It couldn’t be happening again.
Not for a fifth straight game.
Not this week. Not against Detroit.
The Steelers couldn’t possibly be letting yet another hard earned fourth quarter lead evaporate, right
Well, there they were. The hapless Lions. Winners of one game in their last twenty-one tries. Sitting 1st and 10 on the Steeler 21 yard line trailing 28-20 at the 2:00 warning. They were now within striking distance of tying this game against the defending Super Bowl champions. It was a contest they trailed by 15 points less than six minutes before.
But that once vaunted Steeler defense continued its alarming recent trend of allowing massive fourth quarter comebacks to teams that appeared to be beaten in the first half. Even bad ones. Like the Lions. With a downtrodden QB like Daunte Culpepper at the helm.
Normally, if you said to a football fan that the Steelers were in possession of a 15 point lead against Detroit in the fourth quarter, that fan would tell you: “Put on the 4:15 game. This one is over.”
But on this day at Ford Field even the most ardent Steeler fan was feeling less than comfortable. In the words of Mike Lange, “We’d seen this fish before.”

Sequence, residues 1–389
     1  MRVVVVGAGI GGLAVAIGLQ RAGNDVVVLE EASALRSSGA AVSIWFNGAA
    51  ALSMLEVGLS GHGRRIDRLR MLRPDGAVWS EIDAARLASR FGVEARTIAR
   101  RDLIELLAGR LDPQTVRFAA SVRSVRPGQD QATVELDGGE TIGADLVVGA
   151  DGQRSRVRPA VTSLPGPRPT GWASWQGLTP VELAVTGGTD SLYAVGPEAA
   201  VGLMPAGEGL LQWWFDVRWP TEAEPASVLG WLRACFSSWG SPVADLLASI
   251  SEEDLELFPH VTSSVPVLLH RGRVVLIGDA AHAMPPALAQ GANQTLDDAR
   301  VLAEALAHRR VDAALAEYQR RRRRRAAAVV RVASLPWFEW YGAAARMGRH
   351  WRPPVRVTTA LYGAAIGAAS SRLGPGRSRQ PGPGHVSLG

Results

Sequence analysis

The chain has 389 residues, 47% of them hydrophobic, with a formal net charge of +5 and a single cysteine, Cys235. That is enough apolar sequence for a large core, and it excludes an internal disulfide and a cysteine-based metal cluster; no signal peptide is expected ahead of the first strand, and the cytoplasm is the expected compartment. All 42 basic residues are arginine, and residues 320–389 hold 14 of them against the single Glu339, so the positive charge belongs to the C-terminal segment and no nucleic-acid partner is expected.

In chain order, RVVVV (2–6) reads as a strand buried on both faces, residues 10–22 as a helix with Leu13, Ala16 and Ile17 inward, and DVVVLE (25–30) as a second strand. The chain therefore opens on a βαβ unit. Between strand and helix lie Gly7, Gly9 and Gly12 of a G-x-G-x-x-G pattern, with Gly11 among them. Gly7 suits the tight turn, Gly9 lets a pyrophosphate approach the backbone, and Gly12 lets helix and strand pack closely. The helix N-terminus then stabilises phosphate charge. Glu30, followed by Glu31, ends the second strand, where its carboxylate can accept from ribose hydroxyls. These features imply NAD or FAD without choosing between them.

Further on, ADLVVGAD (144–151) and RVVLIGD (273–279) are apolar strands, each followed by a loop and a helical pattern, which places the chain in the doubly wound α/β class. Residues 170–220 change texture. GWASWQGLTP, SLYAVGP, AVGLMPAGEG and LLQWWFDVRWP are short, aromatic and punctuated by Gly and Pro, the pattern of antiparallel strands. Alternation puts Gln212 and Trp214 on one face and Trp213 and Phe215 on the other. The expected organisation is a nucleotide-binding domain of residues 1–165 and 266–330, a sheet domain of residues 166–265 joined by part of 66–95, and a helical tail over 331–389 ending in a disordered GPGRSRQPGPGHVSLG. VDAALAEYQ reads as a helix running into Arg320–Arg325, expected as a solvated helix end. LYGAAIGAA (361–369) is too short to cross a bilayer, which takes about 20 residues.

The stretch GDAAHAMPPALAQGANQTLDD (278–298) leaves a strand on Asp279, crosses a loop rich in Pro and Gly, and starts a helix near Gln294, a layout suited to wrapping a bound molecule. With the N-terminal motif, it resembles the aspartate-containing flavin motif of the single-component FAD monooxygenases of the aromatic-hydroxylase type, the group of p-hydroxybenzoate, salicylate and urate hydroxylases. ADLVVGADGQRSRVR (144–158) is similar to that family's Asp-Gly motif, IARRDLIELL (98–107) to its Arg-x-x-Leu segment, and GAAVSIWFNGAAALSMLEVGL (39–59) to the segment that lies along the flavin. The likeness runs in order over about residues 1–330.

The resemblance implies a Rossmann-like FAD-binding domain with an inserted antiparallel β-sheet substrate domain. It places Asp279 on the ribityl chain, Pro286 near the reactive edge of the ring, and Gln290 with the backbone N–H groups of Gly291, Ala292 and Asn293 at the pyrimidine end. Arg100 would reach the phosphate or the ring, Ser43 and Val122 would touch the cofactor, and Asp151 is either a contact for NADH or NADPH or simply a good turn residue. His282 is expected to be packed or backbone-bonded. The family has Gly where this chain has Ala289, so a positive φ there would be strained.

Actually, so far this year we saw this same fish against the Bears (blew a 14-7 lead in the 4th quarter before losing 17-14), Bengals (lead 20-9 in the fourth before falling 23-20), and Chargers (gave up 21 fourth quarter points but still managed to win 38-28).
This fish has made more appearances on big screen TV’s than Jaws. In 2009, the Steelers have been outscored 55-13 in the fourth quarter.
On this Sunday Culpepper moved the Lions 82 yards on seven plays in under three minutes. His 25-yard touchdown pass to Dennis Northcutt pulled Detroit within eight points and with 5:03 remaining.
To make matters worse, much as we saw in most of those other games that got tight late, the normally effective Steeler offense decided now would be a good time to come up with a three-&-out.
With 3:17 left, Culpepper got the ball back and marched his troops 42 yards before the 2:00 warning against a not so “steely” curtain of a Pittsburgh defense.
Culpepper to Derrick Williams for 18.
Culpepper to Derrick Williams for 19
A sack by LaMarr Woodley and an incompletion set up a 3rd-&-19. This is where the drive ends, right? Nope. Culpepper hit Dennis Northcutt for 21 yards on a play where Northcutt had the entire right side of the field open for himself.
That’s when the 2:00 warning hit. And luckily this time, that’s when the Steelers woke up. It can’t be ignored that the Steeler 4th quarter woes on defense have coincided with the absence of Troy Polamalu.
So many times last year, Polamalu did something to reverse momentum of a drive. He’d pick off a pass. Or he’d bat one down. Or he’d clip a runner on a crossing pattern so that receiver only got five yards instead of 15.
With Polamalu hurt all year, and the pass rush struggling to get key sacks too, Pittsburgh’s defense has been unable to break up the rhythm of an opposing offense once it got going.